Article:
June 7, 2021

Coral’s Walk in the Woods

By: Sharon Bazant

Coral’s Walk in the Woods

June 7, 2021

On a lovely spring evening, after a busy day of work and play, Coral walks in the peaceful woods near her home. She loves the cool of the shady trees and the rustle of the fallen leaves as she walks with her tiny basket on her arm.

Coral is a forager. She searches in nature for edible plants and fungi and knows what is good to eat and what is better left in the woods.

On this particular evening, Coral finds, to her joy, the delicate white flowers of wild strawberry plants! Wild Strawberries (Fragaria virginiana) are one of Coral’s favorite foods, and she is excited to have discovered a little stash of these plants.

Since it’s early in the season, the strawberry fruit itself won’t be ready to eat for a while yet. But Coral stops to admire the beauty of these tiny flowers with their cheerful yellow centers. She’ll be back in a few weeks to collect some delicious red strawberries–unless other forest creatures get to them first!

Walking deeper into the woods, Coral spies the pale purple petals of Wild Geranium flowers (Geranium maculatum). Wild Geranium are the perfect woodland plant because they love the shade of the trees. Coral loves the pastel color they add to the forest floor.

Not far from the Wild Geranium, Coral sees a small but striking wildflower, brightly colored like the Cardinals she spotted last week in the prairie. Since it loves the shade of the tall leafy trees, Red Columbine (Aquilegia canadensis) is another flower perfectly suited for the woods.

Coral is amazed at the bell-shape of these flowers and the intricate detail of red and yellow petals and yellow stamens hanging from inside the cluster of petals. What a beautiful splash of bright color in the shady green forest!

Coral’s most exciting adventure today happens when she comes across a tiny new friend resting on the branch of a pine tree at the edge of the woods. This little tree-climbing amphibian is known as the Gray Tree Frog (Hyla versicolor), though it can actually be many different colors, from gray to white to mottled variations. Coral believes this particular frog is a female due to her white throat (male tree frogs often have a brown or gray throat). Coral asks her name, but the frog is shy and doesn’t say much.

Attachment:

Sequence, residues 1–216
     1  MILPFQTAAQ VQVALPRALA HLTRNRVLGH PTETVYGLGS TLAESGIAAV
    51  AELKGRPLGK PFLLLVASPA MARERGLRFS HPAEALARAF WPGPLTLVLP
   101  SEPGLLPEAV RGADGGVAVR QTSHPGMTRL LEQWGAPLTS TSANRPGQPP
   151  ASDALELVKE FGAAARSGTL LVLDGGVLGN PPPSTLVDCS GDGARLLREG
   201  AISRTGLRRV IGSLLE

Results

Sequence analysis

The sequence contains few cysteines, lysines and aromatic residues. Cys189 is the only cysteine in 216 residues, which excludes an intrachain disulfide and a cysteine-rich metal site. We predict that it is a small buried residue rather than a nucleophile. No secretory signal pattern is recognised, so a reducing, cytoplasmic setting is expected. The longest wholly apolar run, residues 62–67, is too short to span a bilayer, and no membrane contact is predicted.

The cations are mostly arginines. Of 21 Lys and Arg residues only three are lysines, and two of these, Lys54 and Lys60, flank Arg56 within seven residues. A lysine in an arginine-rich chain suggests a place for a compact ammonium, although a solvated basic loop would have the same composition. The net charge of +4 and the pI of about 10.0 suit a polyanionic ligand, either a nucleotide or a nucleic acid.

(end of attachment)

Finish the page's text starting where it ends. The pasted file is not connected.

Coral is determined to make friends with this lime-green tree dweller. She patiently motions to the little frog who finally inches closer, waiting to see what Coral might have to say.

Silly jokes usually help break the ice, so Coral offers her best frog joke to her new friend. I’ll leave you to guess what was funny enough to make Ms. Frog laugh like she did!

Bidding farewell to the Gray Tree Frog in her pine tree perch, Coral heads back down to the forest floor and slowly begins her way out of the woods.

Not far from the frog’s pine tree, in a quiet spot where the meadow meets the trees, Coral finds a dragonfly resting on a blade of grass. She believes it’s a Variegated Meadowhawk (Sympetrum corruptum). She would like to greet him, but the dragonfly seems dazed and doesn’t move a muscle as she leans in close to say hello.

Coral wonders if he is injured or just tired from a long flight. She hopes he gets well enough to fly again and get back to eating mosquitoes. Dragonflies are amazing predators and can eat hundreds of mosquitoes (as well as other insects) in a single day! Because of this, Coral is always happy to see dragonflies busily zipping around near the woods.

One last discovery this evening makes Coral especially happy: She almost trips on the base of a bent Black Raspberry cane which arches high above her head. Though this particular cane looks like it’s been nibbled by deer and may not produce fruit in the summer, Coral knows that where there is one raspberry cane there will be others! She so loves the fruit of the wild Black Raspberry (Rubus occidentalis) and does a quick search for more signs of the edible wild plant.

Sure enough, not far away, Coral finds a healthy red-colored thorny branch with five-petaled white flowers, and more buds ready to bloom–future raspberries! She makes note of the spot and can’t wait for July when the juicy berries will be ready to harvest.

Coral is exhausted after her long walk in the woods. Close to her little house at Rennwood Farm, an American Elm tree (Ulmus americana) makes the perfect resting spot for a tired but happy mouse.

The sun is setting, a breeze is blowing, and the countryside settles in for another peaceful evening. Good-night, Coral, until the next adventure!

~ Do you enjoy walking in the woods?

~ What is the most amazing plant you have seen in the woods?

~ What is the most amazing creature you have seen in the woods?

~ Has your family ever collected wild, edible plants to eat?

~ What is your favorite type of summer-time fruit?

 

If you love frogs and jokes about frogs, this link might make you smile! Maybe the joke Coral told the tree frog is in this list!

Frog Jokes

 

Resources to explore:

~ Learn more about Wild Strawberries.

~ Learn more about the Gray Tree Frog.

~ Learn more about dragonflies.

About the Author

Sharon Bazant

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